partnership’s net income each year. In compliance with this agreement, Brill
& Crum paid Albin $25,000 this year. How should Albin treat this $25,000?
a. Not
Ordinary income
Short-term capital gain
Long-term capital gain
16. A
partnership has no Section 751 assets. Assuming that the partnership has a Code
Sec. 754 election in effect, the partnership would make all of the following
adjustments except:
Increase the basis of partnership property because of capital gain which a
distributee partner recognizes in a current distribution.
Decrease the basis of partnership property because of capital loss which a
distributee partner recognizes in a liquidating distribution.
Increase the basis of partnership property because the distributee partner’s
basis for the partnership interest limits the basis assigned to partnership
property received in a current distribution.
Decrease the basis of partnership property because the amount of the
distributee partner’s basis assigned to partnership property distributed in a
liquidating distribution exceeds the partnership’s pre-distribution basis in
the property.
e. Decrease
the basis of partnership property for the excess of the amount a purchasing
partner pays for a partnership interest over the partner’s proportionate share
of the partnership’s basis in its properties.
Mark, Pete and Mickey are equal partners in the 2MP Partnership. At the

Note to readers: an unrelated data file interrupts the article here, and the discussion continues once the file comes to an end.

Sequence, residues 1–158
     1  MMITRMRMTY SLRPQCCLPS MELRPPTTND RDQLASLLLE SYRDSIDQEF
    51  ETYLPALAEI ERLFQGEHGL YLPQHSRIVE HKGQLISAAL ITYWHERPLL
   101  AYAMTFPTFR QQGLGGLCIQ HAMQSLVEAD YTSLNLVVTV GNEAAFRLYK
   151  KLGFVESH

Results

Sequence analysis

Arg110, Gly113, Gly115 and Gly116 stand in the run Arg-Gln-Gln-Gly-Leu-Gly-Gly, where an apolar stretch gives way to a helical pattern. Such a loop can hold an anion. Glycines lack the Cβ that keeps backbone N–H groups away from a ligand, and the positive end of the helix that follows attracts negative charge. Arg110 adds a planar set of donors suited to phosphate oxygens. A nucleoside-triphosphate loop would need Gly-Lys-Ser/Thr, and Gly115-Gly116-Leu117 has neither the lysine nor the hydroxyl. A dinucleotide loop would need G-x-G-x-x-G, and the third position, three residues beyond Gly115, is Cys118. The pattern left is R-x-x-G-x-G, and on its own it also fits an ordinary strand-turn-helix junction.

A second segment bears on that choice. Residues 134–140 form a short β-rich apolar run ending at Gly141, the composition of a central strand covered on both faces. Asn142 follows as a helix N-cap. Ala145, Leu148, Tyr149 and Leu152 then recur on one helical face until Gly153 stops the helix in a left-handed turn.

beginning of the year, Mark’s basis in his partnership interest was $15,000,
Pete’s basis was $10,000, and Mickey’s basis was $20,000. The partnership
reported taxable income of $30,000 (allocated equally among the partners). At
year-end, the partnership made a nonliquidating distribution of $25,000 cash to
Pete. How much income or gain will Pete recognize on receipt of the
distribution (assume the partnership has no hot assets)? Assume the partnership
has no liabilities.
a. zero
none of the above
Ellen is a 25 percent partner in Heartland Partners. Her tax basis in her
partnership interest is $18,000. She received a non-liquidating distribution of
land with a tax basis of $23,000 and a fair market value of $45,000. The
partnership has no liabilities. What will be Ellen’s tax basis in the land
received in the non-liquidating distribution?
d. zero
none of the above